Jerry, even if (ex hypothesi) some possible worlds are infeasible, yet given the infinite number of possible worlds, it seems antecedently improbable in the extreme that there's not a single feasible world in which everyone freely goes to heaven. So why doesn't your own position suffer from the same objection you raise to Calvinism?

Edwin Woodruff Tait 
Steve Hays, help me out with what you're saying about conception. It sounds as if you are saying that there are some people whom, once conceived, God cannot save. You surely aren't suggesting that whether one accepts or rejects God's grace is determined by genetics, are you? Or do you hold to a libertarian view of freedom--i.e., a kind of Molinist Calvinism in which some people would choose to accept grace in all possible worlds and others would reject it in all possible worlds? (This seems, as far as I understand it, to be Plantinga's position, but Jerry can correct me if I'm wrong.)

Steve Hays 
No, I'm saying that in a world where God granted everyone irresistible grace, many people won't be conceived in the first place–who'd otherwise be conceived in a world where God withholds universal irresistible grace.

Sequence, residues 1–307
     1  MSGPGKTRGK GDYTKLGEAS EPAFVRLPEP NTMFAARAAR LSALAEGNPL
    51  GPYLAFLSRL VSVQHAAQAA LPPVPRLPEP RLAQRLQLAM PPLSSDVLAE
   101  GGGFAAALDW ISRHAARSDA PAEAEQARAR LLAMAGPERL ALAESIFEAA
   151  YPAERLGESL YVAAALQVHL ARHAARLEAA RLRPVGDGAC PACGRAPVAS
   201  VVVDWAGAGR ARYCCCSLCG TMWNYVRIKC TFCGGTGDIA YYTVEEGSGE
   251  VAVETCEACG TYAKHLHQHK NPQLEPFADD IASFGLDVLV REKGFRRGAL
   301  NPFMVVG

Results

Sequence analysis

A world in which everyone has irresistible grace has an alternate history. As a result of irresistible grace, people have different motivations. Do different things. That changes who mates with whom. That changes the timing of events. It produces different family trees.

The situation is analogous to time-travel stories. At present, the human race has been decimated by some catastrophe. It might be a natural disaster or man-made disaster. In order to save the human race from this catastrophe, the protagonist travels back in time to change some past variable in order to advert the catastrophe. He changes the past to change the future.

He succeeds, but there are unintended consequences. By altering the past, his action radically alters the future. His action erases the future from which he came. His action erases millions or billions of people at present by erasing the timeline in which they exist(ed).